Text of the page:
[0032] Referring to FIG. 1, there is shown a block diagram 100 of the major electronic components of an information processing system 100 in accordance with the invention. The electronic components include: a central processing unit (CPU) 102, an Input/Output (I/O) Controller 104, a mouse 132 a keyboard 116, a system power and clock source 106; display driver 108; RAM 110, ROM 112, ASIC (Application Specific Integrated Circuit) 114 and a hard disk drive 118. Not shown is a computer display, which is controlled by the display driver 108. These are representative components of a computer. The general operation of a computer comprising these elements is well understood. Network interface 120 provides connection to a computer network such as Ethernet over TCP/IP or other popular protocol network interfaces. Optional components for interfacing to external peripherals include: a Small Computer Systems Interface (SCSI) port 122 for attaching peripherals; a PCMCIA slot 124; and serial port 126. An optional diskette drive 128 is shown for loading or saving code to removable diskettes 130. The system 100 may be implemented by combination of hardware and software. Moreover, the functionality required for using the invention may be embodied in computer-readable media (such as 3.5 inch diskette 130) to be used in programming an information-processing apparatus (e.g., a personal computer) to perform in accordance with the invention.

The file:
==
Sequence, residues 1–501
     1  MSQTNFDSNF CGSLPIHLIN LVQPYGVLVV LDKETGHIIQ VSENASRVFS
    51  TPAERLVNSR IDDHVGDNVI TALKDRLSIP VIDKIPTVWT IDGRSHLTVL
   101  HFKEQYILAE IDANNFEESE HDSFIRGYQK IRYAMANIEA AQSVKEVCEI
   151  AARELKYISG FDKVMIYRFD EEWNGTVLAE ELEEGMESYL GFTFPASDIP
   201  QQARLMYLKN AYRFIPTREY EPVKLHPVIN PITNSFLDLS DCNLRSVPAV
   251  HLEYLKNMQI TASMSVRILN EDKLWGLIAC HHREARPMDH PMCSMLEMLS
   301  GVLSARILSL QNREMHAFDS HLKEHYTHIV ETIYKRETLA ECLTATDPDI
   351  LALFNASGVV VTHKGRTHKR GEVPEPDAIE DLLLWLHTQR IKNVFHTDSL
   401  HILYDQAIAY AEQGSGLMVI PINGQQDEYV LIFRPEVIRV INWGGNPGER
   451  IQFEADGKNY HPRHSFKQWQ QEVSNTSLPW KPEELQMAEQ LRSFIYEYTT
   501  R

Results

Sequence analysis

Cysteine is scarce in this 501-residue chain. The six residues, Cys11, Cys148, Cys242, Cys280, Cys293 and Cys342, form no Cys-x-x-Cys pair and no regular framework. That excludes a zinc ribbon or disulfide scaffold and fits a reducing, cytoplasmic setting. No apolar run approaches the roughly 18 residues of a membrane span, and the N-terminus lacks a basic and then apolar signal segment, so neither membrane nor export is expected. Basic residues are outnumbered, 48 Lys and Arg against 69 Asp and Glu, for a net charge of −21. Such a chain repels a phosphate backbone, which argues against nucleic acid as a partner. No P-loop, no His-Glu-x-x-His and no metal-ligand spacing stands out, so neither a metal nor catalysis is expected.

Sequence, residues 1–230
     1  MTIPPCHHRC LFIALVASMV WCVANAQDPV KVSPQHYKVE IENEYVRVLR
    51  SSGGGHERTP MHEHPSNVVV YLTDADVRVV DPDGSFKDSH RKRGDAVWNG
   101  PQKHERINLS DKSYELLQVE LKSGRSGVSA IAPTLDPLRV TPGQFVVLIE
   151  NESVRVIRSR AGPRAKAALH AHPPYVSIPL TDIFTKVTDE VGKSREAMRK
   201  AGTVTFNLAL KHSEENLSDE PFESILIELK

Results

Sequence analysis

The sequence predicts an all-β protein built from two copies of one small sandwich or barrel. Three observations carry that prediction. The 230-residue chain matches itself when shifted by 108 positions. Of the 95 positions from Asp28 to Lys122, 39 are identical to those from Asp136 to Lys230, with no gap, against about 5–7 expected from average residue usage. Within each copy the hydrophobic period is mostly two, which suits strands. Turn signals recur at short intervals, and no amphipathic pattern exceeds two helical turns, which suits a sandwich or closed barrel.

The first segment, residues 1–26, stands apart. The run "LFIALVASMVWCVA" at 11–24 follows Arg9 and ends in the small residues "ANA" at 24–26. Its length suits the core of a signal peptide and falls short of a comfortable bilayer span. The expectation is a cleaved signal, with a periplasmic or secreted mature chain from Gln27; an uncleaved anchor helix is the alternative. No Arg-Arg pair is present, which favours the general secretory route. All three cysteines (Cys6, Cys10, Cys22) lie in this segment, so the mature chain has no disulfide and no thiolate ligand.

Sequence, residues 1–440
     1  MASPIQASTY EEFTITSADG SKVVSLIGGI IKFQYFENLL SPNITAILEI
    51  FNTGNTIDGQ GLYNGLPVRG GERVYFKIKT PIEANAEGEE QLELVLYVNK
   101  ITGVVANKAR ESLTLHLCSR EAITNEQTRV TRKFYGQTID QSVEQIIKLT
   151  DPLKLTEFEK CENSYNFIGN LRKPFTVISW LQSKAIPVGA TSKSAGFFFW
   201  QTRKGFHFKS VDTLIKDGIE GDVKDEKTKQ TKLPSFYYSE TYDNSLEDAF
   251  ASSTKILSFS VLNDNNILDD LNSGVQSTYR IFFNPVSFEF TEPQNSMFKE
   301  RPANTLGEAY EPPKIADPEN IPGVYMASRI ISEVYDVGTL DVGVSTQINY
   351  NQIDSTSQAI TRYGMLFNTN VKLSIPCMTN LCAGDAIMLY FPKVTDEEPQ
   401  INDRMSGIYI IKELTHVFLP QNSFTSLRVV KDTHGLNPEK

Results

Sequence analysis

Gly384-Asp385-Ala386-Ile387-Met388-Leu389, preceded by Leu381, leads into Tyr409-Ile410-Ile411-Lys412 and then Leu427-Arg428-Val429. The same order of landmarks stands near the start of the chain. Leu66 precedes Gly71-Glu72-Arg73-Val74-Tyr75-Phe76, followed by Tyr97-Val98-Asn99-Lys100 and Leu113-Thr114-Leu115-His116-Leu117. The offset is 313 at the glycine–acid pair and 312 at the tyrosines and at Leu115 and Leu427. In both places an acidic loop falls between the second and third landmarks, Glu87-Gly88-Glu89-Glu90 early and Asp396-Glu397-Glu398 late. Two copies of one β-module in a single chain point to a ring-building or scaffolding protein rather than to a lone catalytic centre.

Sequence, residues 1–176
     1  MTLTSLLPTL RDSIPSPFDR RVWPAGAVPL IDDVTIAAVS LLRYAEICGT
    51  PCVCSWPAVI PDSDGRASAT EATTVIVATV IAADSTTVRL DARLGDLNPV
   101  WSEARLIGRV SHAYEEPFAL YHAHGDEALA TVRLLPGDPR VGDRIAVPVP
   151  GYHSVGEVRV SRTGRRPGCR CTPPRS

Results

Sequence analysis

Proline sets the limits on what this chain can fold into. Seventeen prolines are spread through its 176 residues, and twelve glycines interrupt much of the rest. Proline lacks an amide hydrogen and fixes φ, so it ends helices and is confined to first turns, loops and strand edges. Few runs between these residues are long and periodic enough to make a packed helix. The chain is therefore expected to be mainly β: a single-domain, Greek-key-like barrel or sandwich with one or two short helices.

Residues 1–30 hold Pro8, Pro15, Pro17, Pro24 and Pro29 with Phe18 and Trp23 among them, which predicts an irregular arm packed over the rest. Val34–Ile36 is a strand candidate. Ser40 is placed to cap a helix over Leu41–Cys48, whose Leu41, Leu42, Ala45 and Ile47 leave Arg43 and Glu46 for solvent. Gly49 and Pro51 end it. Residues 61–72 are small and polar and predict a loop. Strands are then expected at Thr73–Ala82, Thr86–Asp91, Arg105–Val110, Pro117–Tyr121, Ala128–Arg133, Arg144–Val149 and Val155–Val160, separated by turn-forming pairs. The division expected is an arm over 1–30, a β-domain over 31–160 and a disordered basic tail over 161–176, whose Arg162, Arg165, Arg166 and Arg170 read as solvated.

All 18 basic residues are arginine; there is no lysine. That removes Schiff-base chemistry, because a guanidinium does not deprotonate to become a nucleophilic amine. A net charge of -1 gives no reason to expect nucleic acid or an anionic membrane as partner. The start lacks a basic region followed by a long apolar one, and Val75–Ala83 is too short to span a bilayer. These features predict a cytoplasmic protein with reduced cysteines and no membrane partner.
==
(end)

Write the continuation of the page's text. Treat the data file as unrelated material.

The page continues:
[0033] Given this computer system, the typical software operating system and associated supporting applications can be installed which will simulate and display the results according to the present invention.

EXAMPLE SOFTWARE HIERARCHY